90-year-old blood donation hero has donated 413 lifesaving pints
He challenges South Africans to follow his example this World Blood Donor Day
Ninety-year-old Maurice Creswick has donated 413 pints, or 195.4 litres, of blood since he first began this lifesaving habit in 1944 at the age of 18. He has been recognised in the Guinness Book of World Records as the oldest regular blood donor and to mark World Blood Donor Day, 14 June, Mr Creswick threw down the gauntlet to other South Africans.
Asked what motivates him to keep donating blood, the sprightly nonagenarian says: “It is because I can do so much for so many people with such little effort.”
On Wednesday, Mr Creswick visited Netcare Milpark Hospital as part of his campaign to encourage South Africans to donate blood. “Mr Creswick is an inspiration to us all, showing how a single person can potentially touch the lives of so many others simply through regular blood donation,” says Netcare Milpark Hospital’s trauma programme manager, Rene Grobler.
Netcare Milpark Hospital, which has an accredited level 1 trauma unit, has extended a blood donation challenge of its own to Netcare Union, Netcare Garden City, Netcare Sunninghill, Netcare Unitas and Netcare Christiaan Barnard Memorial hospitals.
“The idea is to encourage as many staff, patients, visitors and other members of the public as possible to do their bit for our country through donating blood. At Netcare Milpark Hospital, we are lucky enough to have Mr Creswick, a world champion and true blood donation veteran, who will be cheering on our efforts,” Grobler explains.
This year’s World Blood Donor Day is commemorated under the theme “Blood connects us all”. As one pint of blood can potentially save up to three lives, according to the International Red Cross, Mr Creswick could have touched up to 1 239 lives through his blood donation over the years. “This is a truly patriotic gesture, demonstrating a level of social consciousness from which many of us in the younger generations can learn a lot,” she adds.
According to SANBS, as of this past Tuesday the country’s blood stock reserve was only enough for 2.6 days. SANBS requires a stock level of five days to ensure it can meet demand. Donated blood is commonly given to accident victims, people who are severely anaemic, surgical patients, and women who have lost blood while giving birth, among others.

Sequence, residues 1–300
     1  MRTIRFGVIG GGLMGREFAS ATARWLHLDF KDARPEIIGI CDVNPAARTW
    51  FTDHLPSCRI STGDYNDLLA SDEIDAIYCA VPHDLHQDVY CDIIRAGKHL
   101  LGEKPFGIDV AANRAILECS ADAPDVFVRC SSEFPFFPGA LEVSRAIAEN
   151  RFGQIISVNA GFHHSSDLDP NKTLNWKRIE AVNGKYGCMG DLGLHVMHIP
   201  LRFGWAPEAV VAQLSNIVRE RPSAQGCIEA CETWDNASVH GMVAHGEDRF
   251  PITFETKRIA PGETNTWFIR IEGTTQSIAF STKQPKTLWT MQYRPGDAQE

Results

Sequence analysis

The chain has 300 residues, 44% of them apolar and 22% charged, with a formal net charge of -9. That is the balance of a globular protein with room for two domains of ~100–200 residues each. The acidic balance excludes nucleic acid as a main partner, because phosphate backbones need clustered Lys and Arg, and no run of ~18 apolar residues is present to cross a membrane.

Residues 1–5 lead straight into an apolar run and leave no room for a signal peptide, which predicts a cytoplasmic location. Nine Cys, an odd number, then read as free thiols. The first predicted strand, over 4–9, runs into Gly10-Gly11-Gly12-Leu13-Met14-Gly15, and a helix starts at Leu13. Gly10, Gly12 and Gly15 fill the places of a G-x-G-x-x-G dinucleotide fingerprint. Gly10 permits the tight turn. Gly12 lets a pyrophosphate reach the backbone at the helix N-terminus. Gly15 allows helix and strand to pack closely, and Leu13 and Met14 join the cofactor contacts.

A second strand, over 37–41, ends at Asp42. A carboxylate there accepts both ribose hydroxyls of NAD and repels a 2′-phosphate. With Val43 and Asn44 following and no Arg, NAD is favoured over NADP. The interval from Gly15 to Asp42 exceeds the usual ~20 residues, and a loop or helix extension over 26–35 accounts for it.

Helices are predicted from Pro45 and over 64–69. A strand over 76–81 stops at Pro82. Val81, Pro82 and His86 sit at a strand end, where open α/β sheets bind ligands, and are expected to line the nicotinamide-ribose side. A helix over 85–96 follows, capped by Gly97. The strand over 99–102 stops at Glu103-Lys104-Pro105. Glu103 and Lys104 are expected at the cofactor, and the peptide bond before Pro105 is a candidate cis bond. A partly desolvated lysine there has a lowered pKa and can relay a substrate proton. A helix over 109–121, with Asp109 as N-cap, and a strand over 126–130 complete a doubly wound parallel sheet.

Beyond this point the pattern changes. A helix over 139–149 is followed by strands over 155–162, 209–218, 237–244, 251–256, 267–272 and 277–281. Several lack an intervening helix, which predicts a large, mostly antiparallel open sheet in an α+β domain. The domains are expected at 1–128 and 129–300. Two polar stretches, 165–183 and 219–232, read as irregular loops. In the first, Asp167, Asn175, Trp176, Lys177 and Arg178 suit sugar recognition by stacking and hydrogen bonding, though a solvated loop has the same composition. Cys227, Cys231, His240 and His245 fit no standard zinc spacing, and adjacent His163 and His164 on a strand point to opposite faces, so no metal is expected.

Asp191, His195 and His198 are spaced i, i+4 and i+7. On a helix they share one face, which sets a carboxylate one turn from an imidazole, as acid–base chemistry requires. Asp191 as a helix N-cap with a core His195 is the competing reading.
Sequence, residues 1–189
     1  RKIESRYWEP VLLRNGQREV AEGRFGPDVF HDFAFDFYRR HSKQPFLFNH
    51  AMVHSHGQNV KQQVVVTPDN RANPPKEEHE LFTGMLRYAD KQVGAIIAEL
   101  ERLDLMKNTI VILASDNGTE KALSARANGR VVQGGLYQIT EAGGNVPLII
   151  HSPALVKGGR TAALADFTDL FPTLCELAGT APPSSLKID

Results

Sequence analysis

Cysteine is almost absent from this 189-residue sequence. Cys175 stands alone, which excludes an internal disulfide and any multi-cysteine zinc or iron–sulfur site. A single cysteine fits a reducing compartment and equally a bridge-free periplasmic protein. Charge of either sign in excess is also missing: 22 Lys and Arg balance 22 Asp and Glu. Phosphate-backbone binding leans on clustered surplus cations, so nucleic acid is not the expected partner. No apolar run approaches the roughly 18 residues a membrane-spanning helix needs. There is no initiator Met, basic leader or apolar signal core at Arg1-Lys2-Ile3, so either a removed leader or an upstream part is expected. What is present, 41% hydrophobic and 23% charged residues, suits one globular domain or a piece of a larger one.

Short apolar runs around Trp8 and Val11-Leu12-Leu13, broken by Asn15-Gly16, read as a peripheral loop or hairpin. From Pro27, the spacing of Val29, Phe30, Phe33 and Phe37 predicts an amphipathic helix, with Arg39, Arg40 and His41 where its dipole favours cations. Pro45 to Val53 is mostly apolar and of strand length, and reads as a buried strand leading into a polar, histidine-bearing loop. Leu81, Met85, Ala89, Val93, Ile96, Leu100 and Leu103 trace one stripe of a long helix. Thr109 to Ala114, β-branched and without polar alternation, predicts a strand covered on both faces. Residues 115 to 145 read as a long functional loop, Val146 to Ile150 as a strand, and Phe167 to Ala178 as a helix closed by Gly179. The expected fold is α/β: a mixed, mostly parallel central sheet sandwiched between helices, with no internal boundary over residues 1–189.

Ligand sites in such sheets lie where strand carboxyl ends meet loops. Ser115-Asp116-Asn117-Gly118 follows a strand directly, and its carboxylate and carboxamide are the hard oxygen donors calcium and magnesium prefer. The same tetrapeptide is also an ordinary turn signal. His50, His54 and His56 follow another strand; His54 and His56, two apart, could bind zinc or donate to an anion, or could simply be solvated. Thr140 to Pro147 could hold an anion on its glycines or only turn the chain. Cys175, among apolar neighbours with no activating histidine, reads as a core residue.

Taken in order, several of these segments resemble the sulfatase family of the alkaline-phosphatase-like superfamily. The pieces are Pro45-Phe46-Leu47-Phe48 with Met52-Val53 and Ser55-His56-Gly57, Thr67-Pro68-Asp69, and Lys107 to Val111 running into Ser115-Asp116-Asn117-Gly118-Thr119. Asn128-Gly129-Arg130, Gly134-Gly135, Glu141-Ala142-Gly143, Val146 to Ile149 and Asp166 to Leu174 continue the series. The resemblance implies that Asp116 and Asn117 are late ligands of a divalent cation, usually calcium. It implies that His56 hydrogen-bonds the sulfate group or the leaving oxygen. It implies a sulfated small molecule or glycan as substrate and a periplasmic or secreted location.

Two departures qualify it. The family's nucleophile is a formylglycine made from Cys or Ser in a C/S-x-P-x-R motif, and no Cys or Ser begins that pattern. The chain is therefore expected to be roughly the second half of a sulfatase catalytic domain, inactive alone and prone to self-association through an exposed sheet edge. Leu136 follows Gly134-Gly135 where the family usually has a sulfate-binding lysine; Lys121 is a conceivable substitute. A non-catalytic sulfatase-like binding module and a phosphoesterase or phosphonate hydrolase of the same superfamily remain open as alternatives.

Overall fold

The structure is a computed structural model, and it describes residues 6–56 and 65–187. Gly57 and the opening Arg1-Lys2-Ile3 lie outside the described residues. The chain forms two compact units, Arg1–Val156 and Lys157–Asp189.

“When you donate blood, you are giving the gift of life and there is no more profound way to express care for your fellow South Africans than by sharing your life blood. Keeping yourself healthy so that you can continue to donate blood, like our blood donation champion Mr Creswick, is its own reward,” Grobler observes.
Grobler says in order to maintain and meet the demand of the thousands of patients in need of blood transfusions, SANBS needs to collect 3 000 units of blood per day. According to the World Health Organization there are on average only 11.7 donations per 1 000 people in middle income countries such as South Africa, compared to 33.1 donations per 1 000 people in high income countries. “We really want to improve on this ratio as South Africans are renowned for their spirit of Ubuntu, and blood donation is a logical extension of this.”
Criteria for first-time donor to donate blood:
- Must be between the ages of 16 and 65
- Must have a body mass of at least 50kg
- Must adhere to safe sexual practises
- Must be free of diseases such as HIV, syphilis and hepatitis B and C.
People should eat a small snack within four hours before donating blood, as this can help to offset chances of feeling faint or light-headed afterwards.
“Through our inter-hospital blood donation challenge, we hope to encourage people to become frequent, regular blood donors,” Grobler says.
SANBS tests every unit of blood in order to deem it safe for transfusion. The unit of blood is separated into plasma, platelets and red blood cells.
“According to SANBS, if you are donating blood for the first time, your plasma is quarantined until your next donation. By your next donation, if all tests come back negative, then the quarantined plasma from your first donation will be used,” Grobler explains.
“Unfortunately, this also applies to people who have not donated blood for a while. Only once you have made three donations and the tests are negative for diseases that can be transmitted through blood, then all the components of your blood can be used. This is to ensure the safety of the person receiving the blood and this is why it is necessary for people to donate regularly,” she explains.
“The only way we can successfully overcome the shortage is if we raise awareness and get more people to donate more frequently. By law you may only donate every 56 days and this is done to ensure that a donor has enough time to regenerate the red cells. You are allowed to donate about 480 ml of blood at a time.”
Between 10am and 4pm on Wednesday, members of the public can donate blood at Netcare Milpark Hospital, where a tent will be erected in the parking lot for this purpose. The SANBS can be reached on 0800 11 90 31 for further information about blood donation.
General manager of Netcare Milpark Hospital, Anton Gillis, applauded Mr Creswick on his achievement of having donated 413 pints of blood. “His selfless regular blood donation is an inspiration to us all. If each of us followed his example, South Africa would never be faced with a shortage of blood reserves. We urge everyone to get involved in this simple act of generosity, least of all because you never know when you might be the patient who needs a blood transfusion,” Gillis concluded.